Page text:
Machine minds are often described as black boxes, their decision-making processes all but inscrutable. But in the case of machine intelligence, researchers are cracking that black box open and peering inside. What they find is that humans and machines don’t pay attention to the same things when they look at pictures – not at all.
Researchers at Facebook and Virginia Tech in Blacksburg got humans and machines to look at pictures and answer simple questions – a task that neural-network-based artificial intelligence can handle. But the researchers weren’t interested in the answers. They wanted to map human and AI attention, in order to shed a little light on the differences between us and them.
“These attention maps are something we can measure in both humans and machines, which is pretty rare,” saysat Facebook AI Research. Comparing the two could provide insight “into whether computers are looking in the right place”.
First, Zitnick and his colleagues asked human workers on Amazon Mechanical Turk to answer simple questions about a set of pictures, such as “What is the man doing?” or “What number of cats are lying on the bed?” Each picture was blurred, and the worker would have to click around to sharpen it. A map of those clicks served as a guide to what part of the picture they were paying attention to.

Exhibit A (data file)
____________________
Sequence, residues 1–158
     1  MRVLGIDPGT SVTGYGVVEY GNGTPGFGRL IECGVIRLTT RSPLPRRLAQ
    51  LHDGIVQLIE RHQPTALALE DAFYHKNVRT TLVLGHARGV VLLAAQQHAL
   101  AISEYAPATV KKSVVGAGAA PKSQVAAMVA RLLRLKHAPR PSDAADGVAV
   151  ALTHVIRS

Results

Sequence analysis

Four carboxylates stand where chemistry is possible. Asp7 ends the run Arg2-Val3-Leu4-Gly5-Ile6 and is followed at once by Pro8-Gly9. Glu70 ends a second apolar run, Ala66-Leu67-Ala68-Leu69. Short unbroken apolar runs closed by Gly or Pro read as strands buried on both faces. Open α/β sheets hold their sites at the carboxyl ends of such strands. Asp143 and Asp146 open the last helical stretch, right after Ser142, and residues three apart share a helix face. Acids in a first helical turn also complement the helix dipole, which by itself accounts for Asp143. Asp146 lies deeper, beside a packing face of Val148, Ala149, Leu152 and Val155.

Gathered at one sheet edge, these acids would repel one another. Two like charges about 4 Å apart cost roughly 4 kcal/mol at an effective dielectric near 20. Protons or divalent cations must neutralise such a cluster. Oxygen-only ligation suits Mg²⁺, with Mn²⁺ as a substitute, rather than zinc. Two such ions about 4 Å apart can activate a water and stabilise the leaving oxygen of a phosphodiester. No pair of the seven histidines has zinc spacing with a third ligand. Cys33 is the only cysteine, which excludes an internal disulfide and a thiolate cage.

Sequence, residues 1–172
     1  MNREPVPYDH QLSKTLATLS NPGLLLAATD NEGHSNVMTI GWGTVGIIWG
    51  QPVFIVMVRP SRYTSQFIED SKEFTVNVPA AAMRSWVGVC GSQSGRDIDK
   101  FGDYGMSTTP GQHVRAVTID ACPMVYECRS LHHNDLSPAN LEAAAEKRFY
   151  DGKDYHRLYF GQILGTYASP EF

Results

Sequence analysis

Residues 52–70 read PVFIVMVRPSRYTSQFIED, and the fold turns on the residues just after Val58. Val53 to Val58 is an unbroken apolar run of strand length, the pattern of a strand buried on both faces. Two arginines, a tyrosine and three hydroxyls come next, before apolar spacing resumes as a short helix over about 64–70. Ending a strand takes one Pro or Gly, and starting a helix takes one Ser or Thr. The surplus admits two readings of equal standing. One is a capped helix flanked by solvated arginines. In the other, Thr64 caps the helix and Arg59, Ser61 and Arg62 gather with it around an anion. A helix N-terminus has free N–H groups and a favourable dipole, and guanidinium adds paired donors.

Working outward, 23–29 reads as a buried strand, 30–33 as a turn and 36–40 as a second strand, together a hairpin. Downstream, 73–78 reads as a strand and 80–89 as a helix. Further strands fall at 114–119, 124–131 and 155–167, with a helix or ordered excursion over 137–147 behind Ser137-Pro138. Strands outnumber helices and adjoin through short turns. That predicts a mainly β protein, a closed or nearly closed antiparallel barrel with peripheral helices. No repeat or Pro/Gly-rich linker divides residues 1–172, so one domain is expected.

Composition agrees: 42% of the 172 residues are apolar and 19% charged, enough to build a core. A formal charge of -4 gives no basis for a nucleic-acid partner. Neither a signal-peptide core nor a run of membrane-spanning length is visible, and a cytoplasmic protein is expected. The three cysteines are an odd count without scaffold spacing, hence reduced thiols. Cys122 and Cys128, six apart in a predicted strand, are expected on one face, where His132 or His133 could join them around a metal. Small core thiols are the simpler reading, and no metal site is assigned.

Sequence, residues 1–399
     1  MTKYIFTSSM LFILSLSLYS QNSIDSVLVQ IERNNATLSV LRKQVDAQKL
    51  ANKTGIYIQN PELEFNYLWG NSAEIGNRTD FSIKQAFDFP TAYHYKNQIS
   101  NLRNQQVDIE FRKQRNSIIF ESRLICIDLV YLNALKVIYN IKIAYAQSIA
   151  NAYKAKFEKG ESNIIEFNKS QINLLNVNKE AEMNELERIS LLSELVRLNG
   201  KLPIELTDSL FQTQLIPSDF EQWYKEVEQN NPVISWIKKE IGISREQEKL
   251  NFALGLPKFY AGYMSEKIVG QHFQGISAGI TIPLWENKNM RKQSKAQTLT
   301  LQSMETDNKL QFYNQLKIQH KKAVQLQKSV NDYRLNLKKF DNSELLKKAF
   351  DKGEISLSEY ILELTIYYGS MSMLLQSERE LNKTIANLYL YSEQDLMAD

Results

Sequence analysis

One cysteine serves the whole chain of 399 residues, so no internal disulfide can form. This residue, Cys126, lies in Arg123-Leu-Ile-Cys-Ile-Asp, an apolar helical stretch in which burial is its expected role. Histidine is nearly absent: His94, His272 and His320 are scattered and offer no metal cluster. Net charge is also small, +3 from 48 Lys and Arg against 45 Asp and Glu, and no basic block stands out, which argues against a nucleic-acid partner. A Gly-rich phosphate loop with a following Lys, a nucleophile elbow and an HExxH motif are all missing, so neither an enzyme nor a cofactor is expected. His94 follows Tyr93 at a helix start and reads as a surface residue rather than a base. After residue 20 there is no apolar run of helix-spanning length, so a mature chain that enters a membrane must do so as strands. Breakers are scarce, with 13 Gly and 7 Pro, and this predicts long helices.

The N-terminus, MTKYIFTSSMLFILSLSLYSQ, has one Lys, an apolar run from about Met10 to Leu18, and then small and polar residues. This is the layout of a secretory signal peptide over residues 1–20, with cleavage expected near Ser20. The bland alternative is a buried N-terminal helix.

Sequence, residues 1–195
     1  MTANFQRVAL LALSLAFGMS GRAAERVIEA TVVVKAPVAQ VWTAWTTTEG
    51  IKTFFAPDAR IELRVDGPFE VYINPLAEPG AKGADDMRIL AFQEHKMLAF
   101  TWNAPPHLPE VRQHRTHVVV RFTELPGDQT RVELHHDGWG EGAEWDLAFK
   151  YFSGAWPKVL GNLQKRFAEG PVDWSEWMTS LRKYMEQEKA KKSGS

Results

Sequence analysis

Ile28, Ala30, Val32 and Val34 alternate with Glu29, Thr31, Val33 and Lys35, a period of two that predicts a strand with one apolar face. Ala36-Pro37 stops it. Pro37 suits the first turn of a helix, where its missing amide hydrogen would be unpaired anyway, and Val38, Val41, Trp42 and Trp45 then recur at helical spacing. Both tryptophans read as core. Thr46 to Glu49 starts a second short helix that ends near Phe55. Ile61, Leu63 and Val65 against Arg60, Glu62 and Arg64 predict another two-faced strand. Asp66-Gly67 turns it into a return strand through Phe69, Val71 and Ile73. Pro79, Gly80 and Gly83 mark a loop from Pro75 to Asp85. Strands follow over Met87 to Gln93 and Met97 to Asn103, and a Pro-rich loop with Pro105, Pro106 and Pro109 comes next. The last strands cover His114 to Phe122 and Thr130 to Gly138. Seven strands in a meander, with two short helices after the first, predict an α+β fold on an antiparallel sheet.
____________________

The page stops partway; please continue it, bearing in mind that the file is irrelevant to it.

The researchers then asked the same questions of twotrained to interpret images. They mapped what parts of the picture each network chose to sharpen and explore.
The team found that the attention maps from two humans scored 0.63 on a scale where 1 is total overlap and -1 is none. AI and human attention maps had an overlap score of 0.26 (see image below). Despite this, neural networks are pretty good at deciding what an image shows, so there is an element of mystery to their skill.
“Machines do not seem to be looking at the same regions as humans, which suggests that we do not understand what they are basing their decisions on,” saysat Virginia Tech.
This gap between humans and machines could be a useful source of inspiration for researchers looking to tweak their neural nets. “Can we make them more human-like, and will that translate to higher accuracy?” Batra asks.
The results intrigueat the Dalle Molle Institute for Artificial Intelligence Research in Manno, Switzerland, although he cautions that researchers shouldn’t necessarily rush to build systems that exactly mimic humans.
“Selective attention is all about actively filling gaps in the attentive observer’s knowledge,” says Schmidhuber. Humans have wider experience and knowledge than neural nets, and so are better at focusing on what matters. “What’s interesting to one system may be boring to another that already knows it.”
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